The law is slated to take effect on October 17, 2005. When Rep. F. James Sensenbrenner (R. Wis.), chairman of the Congressional Judiciary Committee sponsored the legislation, he and his committee members and Congress in general acknowledged that banks and credit card companies were suspect to large losses, from the high incidence of Chapter 7 filings. However, there would soon be another downside which both the Judiciary Committee and Congress in general, nor President Bush could have ever anticipated. On August 29, 2005 hurricane Katrina slammed into the Gulf Coast and devastated the City of New Orleans. Three weeks later, hurricane Rita wreaked havoc on Texas, Mississippi, Alabama and left enough of its devastation in New Orleans to place them back at square one. In a survey by ISO, an insurance and risk data firm based in Jersey City, New
Jersey, they found that personal and commercial loss claims for hurricane Katrina would likely be in the neighborhood of $34.4 billion, which qualifies it as the most costly natural disaster in United States history.(New York Times,2005) Albeit this figure is unprecedented and huge, it is by no means the final devastation figure. At least 99% of the persons who were housed at the Louisiana Superdome and the Civic Center, along with countless others who co-exist from pay check to paycheck who are uninsured, are yet to be tallied. Robert Lawless, a law professor at the University of Nevada Law School found in a recent Nevada Law Journal study that bankruptcy filings rose about 50 percent faster in states affected by hurricanes than in those unaffected. Mr. Lawless's study found that the peak in bankruptcy filings was not right after a storm but two to three years later. (New York Times/Editorial 05). Obviously the victims of Katrina will no doubt skew these findings as they unquestionable fit the profile of those who typically file for chapter 7 relief.Lawless points out, "The commonality of most bankruptcy filers is a huge setback beyond their control, like illness, the death of a loved one, divorce or layoff".(New York Times). The banks and credit card companies who paid and lobbied for the passage of this new bankruptcy law, will no doubt benefit immensely because it will now become more difficult for Chapter 7 filers to erase their negative history. Obviously, this writer believes that under normal circumstances, when one establishes credit and incurs a debt, then you are obligated to pay. Of course the operative word here is "normal". If one has delusions of how abnormal things are in New Orleans after Katrina, one can listen to the plight of the Mayor of New Orleans, Ray Nagin in an October 11, 2005 interview where he said. "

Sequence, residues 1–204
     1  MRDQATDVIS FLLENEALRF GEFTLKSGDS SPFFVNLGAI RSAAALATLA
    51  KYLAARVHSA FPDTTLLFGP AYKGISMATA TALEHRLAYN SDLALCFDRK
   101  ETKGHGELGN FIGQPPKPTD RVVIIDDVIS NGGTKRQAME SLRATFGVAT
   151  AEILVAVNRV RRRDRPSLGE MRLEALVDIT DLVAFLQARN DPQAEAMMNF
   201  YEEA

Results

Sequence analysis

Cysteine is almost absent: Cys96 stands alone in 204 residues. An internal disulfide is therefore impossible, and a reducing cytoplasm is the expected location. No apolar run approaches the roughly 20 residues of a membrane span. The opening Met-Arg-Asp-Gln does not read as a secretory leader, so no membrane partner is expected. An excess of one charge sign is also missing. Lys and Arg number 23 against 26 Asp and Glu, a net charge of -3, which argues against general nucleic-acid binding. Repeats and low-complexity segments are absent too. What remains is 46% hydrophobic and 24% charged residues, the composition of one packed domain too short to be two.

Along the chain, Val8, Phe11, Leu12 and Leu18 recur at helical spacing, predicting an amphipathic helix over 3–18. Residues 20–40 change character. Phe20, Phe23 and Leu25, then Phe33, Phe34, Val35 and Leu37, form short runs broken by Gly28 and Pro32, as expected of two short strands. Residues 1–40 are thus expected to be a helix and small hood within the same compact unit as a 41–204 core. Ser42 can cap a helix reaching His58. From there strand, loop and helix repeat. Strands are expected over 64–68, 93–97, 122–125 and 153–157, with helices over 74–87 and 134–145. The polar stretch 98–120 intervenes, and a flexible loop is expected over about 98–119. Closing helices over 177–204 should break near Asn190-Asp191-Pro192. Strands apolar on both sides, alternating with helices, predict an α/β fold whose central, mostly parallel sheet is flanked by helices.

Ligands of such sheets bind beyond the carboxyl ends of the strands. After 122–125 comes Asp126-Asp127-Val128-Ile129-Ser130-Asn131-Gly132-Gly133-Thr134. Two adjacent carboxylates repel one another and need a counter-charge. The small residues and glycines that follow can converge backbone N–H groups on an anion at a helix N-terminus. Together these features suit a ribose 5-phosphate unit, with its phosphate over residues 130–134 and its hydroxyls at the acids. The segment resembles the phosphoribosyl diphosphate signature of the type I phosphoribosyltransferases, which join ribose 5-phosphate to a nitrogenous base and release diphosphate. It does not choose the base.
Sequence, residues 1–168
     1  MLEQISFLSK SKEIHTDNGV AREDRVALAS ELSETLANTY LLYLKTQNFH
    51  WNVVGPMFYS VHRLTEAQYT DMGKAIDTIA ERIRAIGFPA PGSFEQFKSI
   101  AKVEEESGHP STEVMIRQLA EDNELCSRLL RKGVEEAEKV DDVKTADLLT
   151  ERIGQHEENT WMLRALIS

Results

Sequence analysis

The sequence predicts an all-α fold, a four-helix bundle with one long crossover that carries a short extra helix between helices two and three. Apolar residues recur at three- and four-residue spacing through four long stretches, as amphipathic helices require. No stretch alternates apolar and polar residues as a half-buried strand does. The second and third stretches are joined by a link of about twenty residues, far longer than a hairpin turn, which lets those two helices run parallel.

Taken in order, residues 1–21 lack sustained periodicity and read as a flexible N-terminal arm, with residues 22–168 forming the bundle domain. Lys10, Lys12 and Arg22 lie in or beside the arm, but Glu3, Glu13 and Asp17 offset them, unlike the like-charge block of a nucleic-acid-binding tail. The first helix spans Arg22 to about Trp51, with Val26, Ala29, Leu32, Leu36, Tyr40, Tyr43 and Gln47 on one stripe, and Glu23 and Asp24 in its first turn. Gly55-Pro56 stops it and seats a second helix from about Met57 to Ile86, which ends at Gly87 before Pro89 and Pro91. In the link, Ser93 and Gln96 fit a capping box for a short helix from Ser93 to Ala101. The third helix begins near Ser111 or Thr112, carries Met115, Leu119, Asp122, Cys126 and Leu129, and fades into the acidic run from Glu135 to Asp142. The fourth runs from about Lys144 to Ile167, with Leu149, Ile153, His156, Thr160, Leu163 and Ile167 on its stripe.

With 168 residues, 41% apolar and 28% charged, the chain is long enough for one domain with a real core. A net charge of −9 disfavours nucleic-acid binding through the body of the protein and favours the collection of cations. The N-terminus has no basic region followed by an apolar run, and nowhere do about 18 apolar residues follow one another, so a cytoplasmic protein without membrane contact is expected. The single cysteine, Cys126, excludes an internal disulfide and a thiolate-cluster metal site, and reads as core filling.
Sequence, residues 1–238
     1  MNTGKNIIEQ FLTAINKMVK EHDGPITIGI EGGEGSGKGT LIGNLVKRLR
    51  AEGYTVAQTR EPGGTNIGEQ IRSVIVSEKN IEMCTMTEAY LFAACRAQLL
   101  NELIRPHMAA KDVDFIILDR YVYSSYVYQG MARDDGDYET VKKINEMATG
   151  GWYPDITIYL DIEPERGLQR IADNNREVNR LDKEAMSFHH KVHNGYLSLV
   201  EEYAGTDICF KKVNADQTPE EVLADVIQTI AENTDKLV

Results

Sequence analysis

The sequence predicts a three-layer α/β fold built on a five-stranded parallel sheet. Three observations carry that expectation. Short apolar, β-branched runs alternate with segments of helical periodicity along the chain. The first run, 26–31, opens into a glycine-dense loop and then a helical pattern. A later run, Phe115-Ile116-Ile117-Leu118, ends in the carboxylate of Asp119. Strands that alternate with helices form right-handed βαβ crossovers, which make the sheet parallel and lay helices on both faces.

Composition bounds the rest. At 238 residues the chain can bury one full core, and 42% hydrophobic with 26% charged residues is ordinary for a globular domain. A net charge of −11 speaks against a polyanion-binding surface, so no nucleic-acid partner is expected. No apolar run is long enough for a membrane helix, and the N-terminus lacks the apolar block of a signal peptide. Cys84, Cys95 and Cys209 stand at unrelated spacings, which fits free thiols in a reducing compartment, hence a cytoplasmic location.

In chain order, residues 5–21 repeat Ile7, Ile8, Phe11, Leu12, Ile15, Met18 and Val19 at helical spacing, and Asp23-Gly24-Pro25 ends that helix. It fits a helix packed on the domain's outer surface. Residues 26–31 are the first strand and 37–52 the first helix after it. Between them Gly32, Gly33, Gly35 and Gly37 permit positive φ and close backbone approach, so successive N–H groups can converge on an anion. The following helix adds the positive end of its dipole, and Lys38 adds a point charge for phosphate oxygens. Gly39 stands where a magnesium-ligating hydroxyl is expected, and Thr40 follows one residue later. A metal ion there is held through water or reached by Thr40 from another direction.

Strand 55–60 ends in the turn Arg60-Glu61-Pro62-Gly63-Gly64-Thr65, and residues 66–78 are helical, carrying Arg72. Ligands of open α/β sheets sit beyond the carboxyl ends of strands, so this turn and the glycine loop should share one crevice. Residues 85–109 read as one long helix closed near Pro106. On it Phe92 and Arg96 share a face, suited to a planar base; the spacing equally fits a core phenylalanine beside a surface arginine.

"I will lay-off 3,000 city employees because I have not been able to find the money to keep (non-essential) workers on the payroll".(Nagin qtd.Fox News) These individuals are at the bottom of the food chain and maybe they did not lose as much as many others, but now, all that they did have prior to